Protestors in Ohio rallied outside of GOP Representative Jim Jordan‘s local office, urging the secretary of state to remove him from the ballot and prevent him from seeking another term in Congress.
Jordan, a staunch supporter of former President Donald Trump, has received substantial backlash from Democrats, and some Republicans, over his support for Trump’s efforts to overturn the 2020 election results. The Ohio Republican spoke with the former president on the phone multiple times on January 6, 2021—when pro-Trump rioters attacked the U.S. Capitol.
Although Jordan previously suggested that he only spoke to Trump after the riot began, phone records first reported by CNN in early February showed that the congressman talked to Trump for about 10 minutes on the morning of January 6 before the assault against the federal legislative building. He also forwarded a controversial text message before that day, which laid out a strategy to overturn President Joe Biden‘s Electoral College victory.
Hometown Stations (WLIO) in Lima, Ohio, reported on Saturday that Democratic demonstrators gathered outside Jordan’s office and demanded he be removed from the ballot over his actions related to January 6. They argued that Ohio’s Secretary of State Frank LaRose, a Republican, can remove the GOP congressman from the ballot—citing the 14th Amendment, Section 3.
“Frank LaRose can disqualify him from being on the ballot,” Taft Mangas, an organizer of the anti-Jordan rally, told the local news channel. “He needs to take a look at this and do what is right and make sure that the people that are running for office are actually qualified to run for office. That they are legitimately allowed to run for office.”
The protestors held signs with messages including, “Stop the Big Lie” and “Never Forget Jan. 6.” Some also held posters laying out the 14th Amendment and their argument that Jordan should be blocked from running for office again.
The 14th Amendment, Section 3 states:
“No person shall be a Senator or Representative in Congress, or elector of President and Vice President, or hold any office, civil or military, under the United States, or under any State, who, having previously taken an oath, as a member of Congress, or as an officer of the United States, or as a member of any State legislature, or as an executive or judicial officer of any State, to support the Constitution of the United States, shall have engaged in insurrection or rebellion against the same, or given aid or comfort to the enemies thereof.”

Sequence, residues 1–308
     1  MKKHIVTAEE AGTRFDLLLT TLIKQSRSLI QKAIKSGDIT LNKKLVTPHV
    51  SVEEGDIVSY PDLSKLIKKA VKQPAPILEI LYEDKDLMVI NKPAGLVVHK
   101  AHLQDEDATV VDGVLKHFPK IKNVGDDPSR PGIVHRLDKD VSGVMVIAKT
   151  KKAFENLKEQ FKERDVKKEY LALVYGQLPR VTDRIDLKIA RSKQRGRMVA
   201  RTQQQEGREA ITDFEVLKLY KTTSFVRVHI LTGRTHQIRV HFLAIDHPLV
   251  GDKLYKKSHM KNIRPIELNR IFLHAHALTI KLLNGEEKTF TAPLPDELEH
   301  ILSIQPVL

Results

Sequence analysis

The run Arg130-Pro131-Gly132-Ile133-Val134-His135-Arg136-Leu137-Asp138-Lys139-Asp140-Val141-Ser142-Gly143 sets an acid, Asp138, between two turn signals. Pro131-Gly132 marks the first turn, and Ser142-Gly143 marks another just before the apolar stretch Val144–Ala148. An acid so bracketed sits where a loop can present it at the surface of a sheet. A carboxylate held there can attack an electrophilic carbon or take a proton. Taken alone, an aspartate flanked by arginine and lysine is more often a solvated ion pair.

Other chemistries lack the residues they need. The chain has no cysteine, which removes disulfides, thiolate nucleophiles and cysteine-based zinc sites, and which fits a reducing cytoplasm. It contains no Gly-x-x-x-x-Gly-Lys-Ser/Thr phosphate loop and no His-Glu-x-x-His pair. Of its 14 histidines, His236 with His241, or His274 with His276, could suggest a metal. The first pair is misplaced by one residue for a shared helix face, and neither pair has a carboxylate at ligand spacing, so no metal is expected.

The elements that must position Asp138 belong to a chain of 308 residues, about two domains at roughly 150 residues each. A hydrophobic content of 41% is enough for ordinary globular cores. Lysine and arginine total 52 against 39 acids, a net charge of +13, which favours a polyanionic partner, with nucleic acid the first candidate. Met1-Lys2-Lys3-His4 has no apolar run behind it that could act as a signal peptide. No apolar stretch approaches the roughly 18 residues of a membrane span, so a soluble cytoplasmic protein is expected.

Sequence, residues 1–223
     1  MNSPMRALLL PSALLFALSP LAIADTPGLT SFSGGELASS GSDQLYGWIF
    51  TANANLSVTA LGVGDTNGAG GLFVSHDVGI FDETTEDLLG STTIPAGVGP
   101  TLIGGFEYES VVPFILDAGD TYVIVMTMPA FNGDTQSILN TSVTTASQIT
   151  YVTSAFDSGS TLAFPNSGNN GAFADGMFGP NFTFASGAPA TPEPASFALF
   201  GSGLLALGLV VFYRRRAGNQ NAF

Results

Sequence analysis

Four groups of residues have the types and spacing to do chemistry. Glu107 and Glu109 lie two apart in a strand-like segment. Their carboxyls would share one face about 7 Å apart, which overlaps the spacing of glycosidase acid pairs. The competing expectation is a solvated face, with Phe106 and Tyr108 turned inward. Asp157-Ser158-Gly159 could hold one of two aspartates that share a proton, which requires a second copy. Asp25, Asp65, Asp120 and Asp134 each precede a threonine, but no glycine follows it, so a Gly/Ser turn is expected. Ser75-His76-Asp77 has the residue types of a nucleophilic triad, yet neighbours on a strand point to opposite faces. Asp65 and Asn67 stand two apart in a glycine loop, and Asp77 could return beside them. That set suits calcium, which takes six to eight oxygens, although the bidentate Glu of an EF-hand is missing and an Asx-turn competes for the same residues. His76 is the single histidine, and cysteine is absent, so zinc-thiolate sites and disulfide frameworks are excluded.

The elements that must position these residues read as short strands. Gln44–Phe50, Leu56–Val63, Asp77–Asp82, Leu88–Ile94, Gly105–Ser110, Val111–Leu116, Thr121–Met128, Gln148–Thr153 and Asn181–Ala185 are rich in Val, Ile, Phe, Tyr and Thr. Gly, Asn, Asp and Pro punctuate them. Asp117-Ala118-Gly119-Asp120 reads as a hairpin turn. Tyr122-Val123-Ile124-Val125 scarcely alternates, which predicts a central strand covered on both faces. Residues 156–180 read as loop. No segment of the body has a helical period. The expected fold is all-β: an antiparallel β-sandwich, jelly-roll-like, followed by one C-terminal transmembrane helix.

Trump and Jordan critics routinely refer to the events of January 6 as an “insurrection.” Senator Minority Leader Mitch McConnell, a Kentucky Republican, used that term in recent remarks about the Capitol attack as well.
“We all were here. We saw what happened. It was a violent insurrection for the purpose of trying to prevent the peaceful transfer of power after a legitimately certified election, from one administration to the next. That’s what it was,” the top Senate Republican told reporters earlier this month.
After news broke of Jordan’s 10-minute phone call with Trump ahead of the violent Capitol assault, some Democrats quickly suggested he was hiding something. They pointed out that he previously suggested he spoke with the then president after the attack.
“[email protected]_Jordan, this report directly contradicts what you said before the Rules Committee. What are you trying to hide? It’s past time for you to go before the @January6thCmte and speak honestly about what happened that awful day,” Representative Jim McGovern, a Massachusetts Democrat, tweeted on February 4.
Russell Dye, Jordan’s communications director, rejected McGovern’s assessment.
“McGovern’s statement is straight from the Select Committee’s dirty playbook of leaking and misleading information, because Mr. Jordan told McGovern’s committee that he may have spoken to President Trump on the morning of January 6th but didn’t remember for sure,” Dye told Newsweek at the time.
Newsweek reached out to Jordan’s spokesperson, the Ohio Democratic Party and LaRose for comment, but did not immediately receive responses.